Army Corps of Engineers places six-month halt on water supply rule


 U.S. Senator and Senate Environment and Public Works (EPW) Subcommittee on Fisheries, Water, and Wildlife Chairman Kevin Cramer (R-ND) announced today the U.S. Army Corps of Engineers (USACE) will halt a final Water Supply Rule from being issued for at least six months in order to better integrate input from stakeholders. 

 “This is a major victory,” said Senator Cramer. “The Corps’ preferred rule ignores both precedent and statute. It was never the intention of Congress to federalize the water in our country’s major rivers, and the final rule should reflect that. Now that the Corps has reluctantly given this reprieve and expanded the process, it is critical every stakeholder express their concerns and stand up for their rights in order to make the Corps better understand this issue and give us a better product.”

This comes after Senator Cramer led 18 of his colleagues in expressing strong bipartisan opposition to the USACE’s Water Supply Rule rulemaking process, which left these Senators- as well as states, tribes, and stakeholders- believing reasonable concerns had not been adequately addressed.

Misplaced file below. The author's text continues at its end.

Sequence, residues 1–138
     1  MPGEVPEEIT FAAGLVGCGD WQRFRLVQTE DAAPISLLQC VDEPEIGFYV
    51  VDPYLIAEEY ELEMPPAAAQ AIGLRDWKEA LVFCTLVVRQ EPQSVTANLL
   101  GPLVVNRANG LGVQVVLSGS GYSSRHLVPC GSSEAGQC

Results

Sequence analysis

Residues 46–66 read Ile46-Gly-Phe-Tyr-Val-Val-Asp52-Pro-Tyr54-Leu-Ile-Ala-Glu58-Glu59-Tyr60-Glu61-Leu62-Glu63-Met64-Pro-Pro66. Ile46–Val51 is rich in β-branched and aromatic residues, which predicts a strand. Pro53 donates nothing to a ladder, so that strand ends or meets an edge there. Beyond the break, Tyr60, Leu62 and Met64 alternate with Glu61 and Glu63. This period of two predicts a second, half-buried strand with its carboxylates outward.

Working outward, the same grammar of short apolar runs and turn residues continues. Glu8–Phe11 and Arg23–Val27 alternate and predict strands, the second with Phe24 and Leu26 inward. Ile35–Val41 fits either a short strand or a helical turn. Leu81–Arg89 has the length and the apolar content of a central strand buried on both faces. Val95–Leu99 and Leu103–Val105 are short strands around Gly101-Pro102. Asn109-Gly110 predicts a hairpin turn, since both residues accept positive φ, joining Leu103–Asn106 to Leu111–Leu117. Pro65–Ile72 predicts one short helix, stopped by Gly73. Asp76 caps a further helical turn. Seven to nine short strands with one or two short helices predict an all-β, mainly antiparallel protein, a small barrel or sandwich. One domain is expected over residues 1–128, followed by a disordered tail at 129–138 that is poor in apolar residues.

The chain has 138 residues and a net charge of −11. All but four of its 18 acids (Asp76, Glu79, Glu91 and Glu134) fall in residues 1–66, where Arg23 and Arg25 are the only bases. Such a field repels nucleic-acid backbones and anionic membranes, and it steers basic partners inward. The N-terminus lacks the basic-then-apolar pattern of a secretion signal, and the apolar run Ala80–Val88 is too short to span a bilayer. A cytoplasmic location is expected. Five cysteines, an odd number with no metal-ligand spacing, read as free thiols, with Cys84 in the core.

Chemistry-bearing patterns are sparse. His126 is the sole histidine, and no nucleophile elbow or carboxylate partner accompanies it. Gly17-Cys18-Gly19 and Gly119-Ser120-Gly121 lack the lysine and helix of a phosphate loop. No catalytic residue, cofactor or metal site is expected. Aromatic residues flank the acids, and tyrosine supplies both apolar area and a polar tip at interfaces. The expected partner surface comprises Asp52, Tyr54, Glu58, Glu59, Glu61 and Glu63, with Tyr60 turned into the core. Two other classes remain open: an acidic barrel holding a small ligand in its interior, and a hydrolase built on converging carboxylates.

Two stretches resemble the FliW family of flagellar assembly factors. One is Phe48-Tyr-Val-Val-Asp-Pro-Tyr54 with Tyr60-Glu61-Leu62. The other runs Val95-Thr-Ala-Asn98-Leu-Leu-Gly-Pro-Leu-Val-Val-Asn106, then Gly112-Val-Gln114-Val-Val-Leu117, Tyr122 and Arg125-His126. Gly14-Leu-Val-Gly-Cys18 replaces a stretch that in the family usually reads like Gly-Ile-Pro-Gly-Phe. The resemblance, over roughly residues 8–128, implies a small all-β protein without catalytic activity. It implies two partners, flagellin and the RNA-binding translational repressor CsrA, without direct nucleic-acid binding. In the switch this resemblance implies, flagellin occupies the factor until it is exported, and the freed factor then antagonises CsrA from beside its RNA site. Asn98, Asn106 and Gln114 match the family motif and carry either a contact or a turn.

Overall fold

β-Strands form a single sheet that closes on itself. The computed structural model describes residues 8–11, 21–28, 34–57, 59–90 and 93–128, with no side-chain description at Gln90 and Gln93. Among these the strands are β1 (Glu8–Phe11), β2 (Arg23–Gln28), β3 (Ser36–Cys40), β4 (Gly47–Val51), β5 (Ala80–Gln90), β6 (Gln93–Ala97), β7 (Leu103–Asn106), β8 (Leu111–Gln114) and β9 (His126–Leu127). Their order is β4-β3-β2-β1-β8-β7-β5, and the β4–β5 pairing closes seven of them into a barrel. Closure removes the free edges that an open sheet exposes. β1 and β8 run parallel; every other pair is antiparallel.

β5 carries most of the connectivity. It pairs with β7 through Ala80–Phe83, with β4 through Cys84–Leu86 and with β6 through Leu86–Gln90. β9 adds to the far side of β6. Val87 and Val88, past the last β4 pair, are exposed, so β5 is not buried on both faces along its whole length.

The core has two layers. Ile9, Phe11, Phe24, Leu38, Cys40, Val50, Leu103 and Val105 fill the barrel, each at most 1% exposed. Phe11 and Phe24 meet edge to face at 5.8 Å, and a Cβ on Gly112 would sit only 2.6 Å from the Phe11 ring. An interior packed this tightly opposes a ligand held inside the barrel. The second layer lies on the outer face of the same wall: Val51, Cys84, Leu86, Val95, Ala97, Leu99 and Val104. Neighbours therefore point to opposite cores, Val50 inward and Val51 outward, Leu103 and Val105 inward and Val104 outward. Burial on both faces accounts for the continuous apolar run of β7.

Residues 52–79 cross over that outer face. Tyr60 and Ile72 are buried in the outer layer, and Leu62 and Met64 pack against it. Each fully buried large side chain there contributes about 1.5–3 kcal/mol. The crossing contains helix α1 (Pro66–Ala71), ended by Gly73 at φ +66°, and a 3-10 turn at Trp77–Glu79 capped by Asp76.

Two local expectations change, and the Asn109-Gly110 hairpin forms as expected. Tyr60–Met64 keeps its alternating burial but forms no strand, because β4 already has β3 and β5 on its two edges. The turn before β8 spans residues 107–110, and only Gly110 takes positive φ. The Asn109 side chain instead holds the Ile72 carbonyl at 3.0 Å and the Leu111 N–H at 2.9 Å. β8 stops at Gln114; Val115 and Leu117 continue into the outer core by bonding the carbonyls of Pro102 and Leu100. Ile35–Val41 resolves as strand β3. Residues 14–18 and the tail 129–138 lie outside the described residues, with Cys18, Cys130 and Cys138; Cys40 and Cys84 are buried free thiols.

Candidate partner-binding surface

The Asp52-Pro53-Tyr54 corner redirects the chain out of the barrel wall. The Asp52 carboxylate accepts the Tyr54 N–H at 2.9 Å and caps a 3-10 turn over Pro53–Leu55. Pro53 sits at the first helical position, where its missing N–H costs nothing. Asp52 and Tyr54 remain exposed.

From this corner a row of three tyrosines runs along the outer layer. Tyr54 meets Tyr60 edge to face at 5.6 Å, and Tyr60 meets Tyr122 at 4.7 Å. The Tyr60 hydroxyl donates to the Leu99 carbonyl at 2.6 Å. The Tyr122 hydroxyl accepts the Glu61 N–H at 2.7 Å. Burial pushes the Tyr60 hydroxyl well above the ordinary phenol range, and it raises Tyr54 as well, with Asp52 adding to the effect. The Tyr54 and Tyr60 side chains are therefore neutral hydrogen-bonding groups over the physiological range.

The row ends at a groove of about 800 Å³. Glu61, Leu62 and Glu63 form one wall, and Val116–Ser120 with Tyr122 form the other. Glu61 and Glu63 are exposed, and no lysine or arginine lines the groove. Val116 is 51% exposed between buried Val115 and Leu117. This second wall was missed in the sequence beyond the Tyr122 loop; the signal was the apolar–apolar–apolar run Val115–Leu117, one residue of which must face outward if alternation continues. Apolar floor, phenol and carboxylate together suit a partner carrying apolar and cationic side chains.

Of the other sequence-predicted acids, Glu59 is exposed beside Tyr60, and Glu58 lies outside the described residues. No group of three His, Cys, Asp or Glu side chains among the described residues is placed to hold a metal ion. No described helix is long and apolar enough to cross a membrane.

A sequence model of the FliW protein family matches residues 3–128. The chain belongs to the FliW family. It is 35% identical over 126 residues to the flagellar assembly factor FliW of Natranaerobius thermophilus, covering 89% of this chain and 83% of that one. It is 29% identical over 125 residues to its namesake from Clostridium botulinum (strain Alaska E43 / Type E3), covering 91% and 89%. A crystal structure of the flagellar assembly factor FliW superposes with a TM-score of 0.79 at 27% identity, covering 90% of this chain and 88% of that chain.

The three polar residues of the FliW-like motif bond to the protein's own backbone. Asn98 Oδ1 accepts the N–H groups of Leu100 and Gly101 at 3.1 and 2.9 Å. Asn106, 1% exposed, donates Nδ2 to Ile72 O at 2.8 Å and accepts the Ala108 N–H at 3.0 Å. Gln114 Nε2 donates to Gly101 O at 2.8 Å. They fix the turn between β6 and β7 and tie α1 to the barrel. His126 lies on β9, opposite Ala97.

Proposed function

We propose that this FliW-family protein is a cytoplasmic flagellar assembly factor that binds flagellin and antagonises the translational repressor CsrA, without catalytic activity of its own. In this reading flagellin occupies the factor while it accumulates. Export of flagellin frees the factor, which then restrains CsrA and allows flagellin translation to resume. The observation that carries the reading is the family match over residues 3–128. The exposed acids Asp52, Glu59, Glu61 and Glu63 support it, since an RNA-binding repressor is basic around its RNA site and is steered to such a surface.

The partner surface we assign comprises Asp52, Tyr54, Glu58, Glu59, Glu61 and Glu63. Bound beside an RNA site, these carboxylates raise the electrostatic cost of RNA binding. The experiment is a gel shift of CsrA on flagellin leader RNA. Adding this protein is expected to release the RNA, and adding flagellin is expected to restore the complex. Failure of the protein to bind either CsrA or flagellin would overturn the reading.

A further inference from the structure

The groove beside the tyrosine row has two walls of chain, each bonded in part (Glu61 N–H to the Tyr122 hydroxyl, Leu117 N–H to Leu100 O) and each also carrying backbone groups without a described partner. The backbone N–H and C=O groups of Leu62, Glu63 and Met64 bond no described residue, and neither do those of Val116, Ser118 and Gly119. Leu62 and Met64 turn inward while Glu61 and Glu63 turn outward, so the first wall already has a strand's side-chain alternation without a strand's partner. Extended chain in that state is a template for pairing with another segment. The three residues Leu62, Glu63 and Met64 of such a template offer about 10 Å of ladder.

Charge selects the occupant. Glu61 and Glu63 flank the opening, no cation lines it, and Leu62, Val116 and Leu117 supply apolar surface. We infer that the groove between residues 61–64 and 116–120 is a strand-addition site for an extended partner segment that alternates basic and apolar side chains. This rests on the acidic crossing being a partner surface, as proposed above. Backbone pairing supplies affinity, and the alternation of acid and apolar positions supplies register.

“We have attempted to provide input to the Corps on its proposed implementation of federal law, but our concerns have not been adequately addressed,” the group of Senators wrote to the Office of Management and Budget (OMB). “We urge you in your capacity to direct the Corps to make the adjustments necessary to follow decades of federal precedent and respect state and tribal water authority.”

OMB also received letters on this issue from the National Water Resources Association, the Western Governors Association, the Western States Water Council, the National Water Supply Alliance, and the Conference of Western Attorneys General.

Click here to read the full letter from the USACE announcing the halt.